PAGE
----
How long have you worked for the National Weather Service? I’ve been with the National Oceanic and Atmospheric Administration (NOAA) since 1987. I’m in the satellite and data branch of NOAA. The National Weather Service (NWS) is a separate branch. That’s why my forecast is titled “collaborative”, since it involves two branches of NOAA. I began doing the surf forecast with NWS in October 2002.
How much time does it take for you to compile a day’s surf forecast? With quiet patterns, it takes about 20 minutes to sort through the weather/wave products. With busy patterns in both the North and South Pacific simultaneously, it can take up to an hour. I do all this from my office via the Internet. Then I go to the NWS next door, talk over the patterns with their experts, type in the values for the table, and write up the general discussion. This part takes about an hour. So the whole ordeal can take up to two hours.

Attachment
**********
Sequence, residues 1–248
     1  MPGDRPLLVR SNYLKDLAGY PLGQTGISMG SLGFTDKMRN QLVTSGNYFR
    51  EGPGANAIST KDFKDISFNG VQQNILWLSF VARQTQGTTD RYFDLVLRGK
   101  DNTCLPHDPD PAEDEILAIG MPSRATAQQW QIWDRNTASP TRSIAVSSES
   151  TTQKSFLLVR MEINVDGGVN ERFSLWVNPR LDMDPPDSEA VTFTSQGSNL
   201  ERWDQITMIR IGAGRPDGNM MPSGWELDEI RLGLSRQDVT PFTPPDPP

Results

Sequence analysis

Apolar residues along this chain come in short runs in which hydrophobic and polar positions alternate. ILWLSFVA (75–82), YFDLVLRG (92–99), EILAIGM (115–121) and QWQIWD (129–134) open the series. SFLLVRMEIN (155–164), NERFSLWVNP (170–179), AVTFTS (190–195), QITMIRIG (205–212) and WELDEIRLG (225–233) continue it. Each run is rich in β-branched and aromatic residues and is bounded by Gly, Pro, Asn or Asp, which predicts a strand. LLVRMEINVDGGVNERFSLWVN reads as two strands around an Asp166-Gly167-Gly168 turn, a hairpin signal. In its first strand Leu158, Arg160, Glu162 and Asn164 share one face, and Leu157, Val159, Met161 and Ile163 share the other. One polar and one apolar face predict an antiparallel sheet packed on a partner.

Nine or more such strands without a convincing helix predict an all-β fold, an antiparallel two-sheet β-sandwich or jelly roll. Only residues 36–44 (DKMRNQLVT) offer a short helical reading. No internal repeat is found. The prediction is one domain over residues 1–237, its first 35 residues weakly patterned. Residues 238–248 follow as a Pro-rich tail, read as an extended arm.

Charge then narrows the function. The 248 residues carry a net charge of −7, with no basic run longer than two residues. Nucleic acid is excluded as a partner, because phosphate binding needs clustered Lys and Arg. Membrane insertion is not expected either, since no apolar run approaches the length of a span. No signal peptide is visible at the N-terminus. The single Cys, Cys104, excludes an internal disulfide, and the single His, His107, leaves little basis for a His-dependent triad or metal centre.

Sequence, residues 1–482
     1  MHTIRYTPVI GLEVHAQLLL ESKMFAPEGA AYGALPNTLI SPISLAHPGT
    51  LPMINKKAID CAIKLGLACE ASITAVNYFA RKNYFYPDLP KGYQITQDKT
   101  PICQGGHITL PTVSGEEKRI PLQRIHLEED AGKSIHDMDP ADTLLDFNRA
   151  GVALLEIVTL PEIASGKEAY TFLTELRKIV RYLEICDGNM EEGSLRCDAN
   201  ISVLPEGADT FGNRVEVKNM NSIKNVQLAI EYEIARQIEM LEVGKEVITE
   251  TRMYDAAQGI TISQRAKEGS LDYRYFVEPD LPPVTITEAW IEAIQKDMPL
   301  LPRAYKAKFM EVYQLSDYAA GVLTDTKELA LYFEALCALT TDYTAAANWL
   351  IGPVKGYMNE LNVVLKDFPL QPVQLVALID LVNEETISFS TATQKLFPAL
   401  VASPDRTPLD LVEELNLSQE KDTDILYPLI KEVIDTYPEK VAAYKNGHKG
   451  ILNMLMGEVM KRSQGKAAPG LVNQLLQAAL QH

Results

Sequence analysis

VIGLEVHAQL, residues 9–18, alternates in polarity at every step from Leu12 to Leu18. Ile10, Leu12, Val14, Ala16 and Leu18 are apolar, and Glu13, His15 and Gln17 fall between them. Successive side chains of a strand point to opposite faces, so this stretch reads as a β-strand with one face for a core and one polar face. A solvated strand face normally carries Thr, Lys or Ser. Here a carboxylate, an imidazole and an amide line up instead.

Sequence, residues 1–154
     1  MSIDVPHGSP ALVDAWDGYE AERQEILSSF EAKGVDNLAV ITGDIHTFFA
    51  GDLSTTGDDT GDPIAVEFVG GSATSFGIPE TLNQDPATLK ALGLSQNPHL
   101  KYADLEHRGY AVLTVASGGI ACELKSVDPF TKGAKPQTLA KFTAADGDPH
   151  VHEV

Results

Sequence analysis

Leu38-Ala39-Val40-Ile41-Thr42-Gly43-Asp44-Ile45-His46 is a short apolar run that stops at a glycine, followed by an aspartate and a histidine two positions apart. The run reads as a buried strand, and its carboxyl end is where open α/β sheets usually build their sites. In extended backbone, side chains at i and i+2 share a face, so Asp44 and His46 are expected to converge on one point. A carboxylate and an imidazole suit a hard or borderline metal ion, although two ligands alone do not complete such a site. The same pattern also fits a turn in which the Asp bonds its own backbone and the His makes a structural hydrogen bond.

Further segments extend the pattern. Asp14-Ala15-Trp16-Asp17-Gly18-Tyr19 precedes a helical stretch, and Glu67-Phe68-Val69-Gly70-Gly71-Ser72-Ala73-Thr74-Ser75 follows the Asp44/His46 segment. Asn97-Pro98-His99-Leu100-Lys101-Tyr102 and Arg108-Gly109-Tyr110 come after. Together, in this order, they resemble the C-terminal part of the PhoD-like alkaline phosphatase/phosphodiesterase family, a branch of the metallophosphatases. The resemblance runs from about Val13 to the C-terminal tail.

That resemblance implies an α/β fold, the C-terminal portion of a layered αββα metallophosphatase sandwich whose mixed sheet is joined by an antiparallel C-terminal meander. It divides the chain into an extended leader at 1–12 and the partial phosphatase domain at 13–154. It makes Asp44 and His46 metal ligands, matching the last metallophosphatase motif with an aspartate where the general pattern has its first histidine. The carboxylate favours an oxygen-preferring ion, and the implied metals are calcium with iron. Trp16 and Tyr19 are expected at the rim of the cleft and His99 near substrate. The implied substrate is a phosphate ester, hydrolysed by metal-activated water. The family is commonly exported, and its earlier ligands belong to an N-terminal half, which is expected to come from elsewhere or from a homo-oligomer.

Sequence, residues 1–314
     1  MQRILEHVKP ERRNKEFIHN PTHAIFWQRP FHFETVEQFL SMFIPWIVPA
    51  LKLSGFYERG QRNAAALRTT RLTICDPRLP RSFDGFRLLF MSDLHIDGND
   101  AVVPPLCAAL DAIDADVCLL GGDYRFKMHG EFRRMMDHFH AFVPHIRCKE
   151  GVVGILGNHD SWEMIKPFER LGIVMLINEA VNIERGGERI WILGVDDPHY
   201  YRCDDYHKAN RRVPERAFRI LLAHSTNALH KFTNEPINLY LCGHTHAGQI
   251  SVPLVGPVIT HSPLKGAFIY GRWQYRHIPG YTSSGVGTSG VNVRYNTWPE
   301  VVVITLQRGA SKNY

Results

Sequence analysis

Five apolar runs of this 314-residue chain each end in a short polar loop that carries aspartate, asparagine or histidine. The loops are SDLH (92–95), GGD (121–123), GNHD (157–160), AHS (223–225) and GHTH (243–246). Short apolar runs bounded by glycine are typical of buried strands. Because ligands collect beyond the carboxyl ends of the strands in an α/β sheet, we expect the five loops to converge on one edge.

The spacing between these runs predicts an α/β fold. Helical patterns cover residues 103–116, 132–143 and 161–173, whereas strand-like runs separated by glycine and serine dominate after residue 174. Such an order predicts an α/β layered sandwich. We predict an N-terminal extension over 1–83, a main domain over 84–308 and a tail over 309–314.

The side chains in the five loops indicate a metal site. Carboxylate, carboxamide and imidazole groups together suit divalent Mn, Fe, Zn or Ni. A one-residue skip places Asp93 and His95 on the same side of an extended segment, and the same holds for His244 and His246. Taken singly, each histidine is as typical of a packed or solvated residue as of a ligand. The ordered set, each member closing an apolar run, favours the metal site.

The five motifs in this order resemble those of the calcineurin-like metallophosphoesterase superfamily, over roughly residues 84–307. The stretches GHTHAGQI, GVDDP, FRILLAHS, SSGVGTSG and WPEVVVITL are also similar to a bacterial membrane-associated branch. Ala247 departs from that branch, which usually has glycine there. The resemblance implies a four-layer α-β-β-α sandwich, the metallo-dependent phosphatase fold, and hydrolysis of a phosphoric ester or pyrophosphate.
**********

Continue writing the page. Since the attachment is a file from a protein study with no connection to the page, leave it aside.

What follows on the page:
How many people might you estimate rely upon your for their surf forecasting? including other surf forecasters 🙂 ? How many hits does your site get a day (avg.)? I’m not exactly sure how many hits the NWS page gets per day. I asked once and they said about 200; I think that may be per hour. When I did a surf forecast page from a UH server, I was getting about 4,000 hits a day. I’m not aware of other surf forecasters looking at my work, except for my good friend Gary Kewley of Surf News Network. (Um, CoconutGirl uses it for CGW’s temperamental Hawai’i Island “forecast” -along with observations- ’cause it gives us enough details on degrees and such to, for example, get an idea if Maui will block, etc.)